Peter Jackson’s “The Hobbit: The Battle of the Five Armies” – Send in the eagles, it’s finally done.

Poster for "The Hobbit: The Battle of the Five Armies"

Naming the five armies involved in the final Hobbit film is a bit like naming the five factions of Divergent. Or, for that matter, the thirteen dwarves in this film. There are probably certain superfans who can manage it with minimal Wikipedia breaks, but the film itself does very little to establish the importance of every last one of them. At the end of The Desolation of Smaug, the battle for the mountain of gold is…still very much in progress, and really only gets settled when Bard the Bowman (Lucas Black) takes down the dragon Smaug (Benedict Cumberbatch) with a gargantuan steel arrow – but only after it incinerates his entire town. The refugees of Laketown are the closest this film offers to a group whose motives remain pure throughout the film. They’ve had their home destroyed through no fault of their own, and they’re really just trying to survive, and claim the portion of the treasure that was promised to them. Since…they will likely freeze and starve to death without it. And so it is that Bard, newly crowned dragonslayer and sorta-king of the Laketown remnant, attempts to negotiate with Thorin Oakenshield (Richard Armitage), who guards the mountain and its gold with nothing more than a band of dwarves and a titular Hobbit, Bilbo (Martin Freeman).

For reasons that are vague and ill-justified (“dragon-sickness”?), Thorin has turned into a bit of a heartless miser in the roughly 20 minutes of movie-time that have passed since the end of the second film. He refuses to turn over the gold to anyone (“Not…one…single…piece.”), and has no sympathy for the town that was destroyed due to his own actions, despite their skillful dispatch of the gigantic flaming hurdle in the way of his massive pile of shiny things. Oh, and for some reason, Bilbo is concealing the Arkenstone, a glowing object of undefinable purpose, in his coat pocket next to the One Ring. Thorin wants the stone badly, and suspects everyone around him of stealing it (it’s not paranoia if you’ve got a burglar in your employ). According to Balin (Ken Stott), the stone might make Thorin’s madness better, or worse, but no one bothers to mention what purpose the stone is actually meant to serve, even if I recall some vague bluster about “uniting the dwarves” from the first film.

In case it’s unclear, I flat-out hated the first hour of TBOTFA. Whether we’re talking about Thranduil the elf-king (Lee Pace), who shows up on mooseback with an army to reclaim a different set of shiny things from inside the mountain, Alfrid (Ryan Gage), a human with far too much screentime for his sniveling motivations, or the dwarf army (led by Billy Connolly) who shows up to defend the treasure, not a single character’s motives were admirable or sympathetic here. This is a resource war, and not a terribly interesting one. Any time a character began bloviating about his birthright or promises or honor, my eyes quickly glazed over. Really, the only honest antagonists were the two Orc armies, led by Azog the Defiler (Manu Bennett) – whom I could’ve sworn was already killed by Thorin in the first film – and Bolg (John Tui), his son.

Still from "The Hobbit: The Battle of the Five Armies"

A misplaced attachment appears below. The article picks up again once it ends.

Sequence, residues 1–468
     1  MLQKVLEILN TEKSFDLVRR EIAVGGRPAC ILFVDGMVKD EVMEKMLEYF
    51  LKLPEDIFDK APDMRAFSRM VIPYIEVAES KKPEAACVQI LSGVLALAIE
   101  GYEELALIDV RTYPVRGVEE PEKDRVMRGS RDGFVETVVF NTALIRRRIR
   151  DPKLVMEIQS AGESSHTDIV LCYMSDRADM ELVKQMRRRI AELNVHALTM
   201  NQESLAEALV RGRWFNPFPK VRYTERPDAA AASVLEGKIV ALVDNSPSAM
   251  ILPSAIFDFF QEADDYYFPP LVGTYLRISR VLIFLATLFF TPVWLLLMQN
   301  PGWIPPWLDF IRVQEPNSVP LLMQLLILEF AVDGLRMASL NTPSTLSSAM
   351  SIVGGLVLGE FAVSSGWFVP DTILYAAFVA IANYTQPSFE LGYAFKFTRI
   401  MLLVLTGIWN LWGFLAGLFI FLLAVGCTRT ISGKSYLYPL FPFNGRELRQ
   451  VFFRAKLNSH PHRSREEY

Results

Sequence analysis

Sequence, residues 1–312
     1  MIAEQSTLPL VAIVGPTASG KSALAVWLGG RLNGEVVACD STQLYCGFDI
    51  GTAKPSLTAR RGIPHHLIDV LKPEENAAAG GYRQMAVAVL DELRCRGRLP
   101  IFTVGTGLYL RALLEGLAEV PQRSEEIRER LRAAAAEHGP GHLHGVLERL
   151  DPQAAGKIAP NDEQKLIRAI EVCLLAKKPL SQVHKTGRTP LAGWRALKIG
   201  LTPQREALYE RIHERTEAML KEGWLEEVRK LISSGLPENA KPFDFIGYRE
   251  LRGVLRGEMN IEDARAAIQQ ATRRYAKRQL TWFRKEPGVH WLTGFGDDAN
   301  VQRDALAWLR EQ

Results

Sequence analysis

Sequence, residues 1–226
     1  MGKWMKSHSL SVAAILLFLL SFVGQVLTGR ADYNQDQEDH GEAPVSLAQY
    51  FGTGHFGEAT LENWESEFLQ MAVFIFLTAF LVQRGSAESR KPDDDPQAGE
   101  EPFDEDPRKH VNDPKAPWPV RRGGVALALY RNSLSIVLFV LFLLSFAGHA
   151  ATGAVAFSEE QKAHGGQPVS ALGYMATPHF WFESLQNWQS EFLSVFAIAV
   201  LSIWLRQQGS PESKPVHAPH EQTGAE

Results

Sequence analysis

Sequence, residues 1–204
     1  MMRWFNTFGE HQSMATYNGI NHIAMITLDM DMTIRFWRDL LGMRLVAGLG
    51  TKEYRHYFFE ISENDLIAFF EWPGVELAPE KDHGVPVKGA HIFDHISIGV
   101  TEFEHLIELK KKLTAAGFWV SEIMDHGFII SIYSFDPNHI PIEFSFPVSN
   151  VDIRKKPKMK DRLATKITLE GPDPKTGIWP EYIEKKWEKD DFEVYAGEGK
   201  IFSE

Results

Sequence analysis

There were moments in the original Lord of the Rings trilogy where hordes of unnamed (and mostly CGI) characters were battling it out for our amusement. But it was always intercut with characters that we cared about, and it never felt as empty or small as it did here. This is a battle that is ostensibly as grand as Pelennor Fields, but it kept all of the main characters shuffled off into lesser side action, mostly atop the nearby Ravenhill. And ironically, while this had the inadvertent effect of rendering the large-scale battle sequences incredibly tedious, it actually made the side-combat rather compelling. Dwarf commandos storm the orc leadership atop a mountain, Bilbo sneaks off to warn them of incoming trouble, and a series of thoroughly entertaining boss fights and intermittently tender moments ensue. This sequence encapsulates what few elements worked about this film, even during the thoroughly dysfunctional first hour. When characters are acting for sympathetic reasons, then all the pristinely-rendered action starts to have meaning once again. The elf-maiden Tauriel (Evangeline Lilly) hastens to save her beloved dwarf Kili (Aidan Turner) from an incoming orc-horde. Legolas (Orlando Bloom) assists Tauriel despite knowing that his own affection for her is unrequited. Bilbo maintains his friendship for Thorin despite their earlier falling-out. Even Bard, who does very little of consequence after killing the dragon, is seeking only to save his family and townspeople.

When this film worked, it was entirely due to the strong performances and relatable motivations of its characters. But it is unquestionably the weakest entry in the Hobbit trilogy, remaining as dense and bloated and inconsequential as ever. By the time the Eagles – those perennial closers – showed up to dispatch the secondary orc army just as they had barely shuffled onto the field in the distance, I started to wonder if even Peter Jackson had lost interest in this lame skirmish. And when a dying character belched forth the film’s moral, of the importance of valuing home and family over gold, it was all but confirmed. Enjoy our gold, Hollywood, even if you got less of it than the first time around. You’ve milked this story for all it’s worth and then some. And while we got some pretty solid cinema technology out of it (48fps 3D is still a marvel), it was wrapped in a languorous, incomprehensible spectacle that seems less likely to stand the test of time than Avatar.

FilmWonk rating: 4 out of 10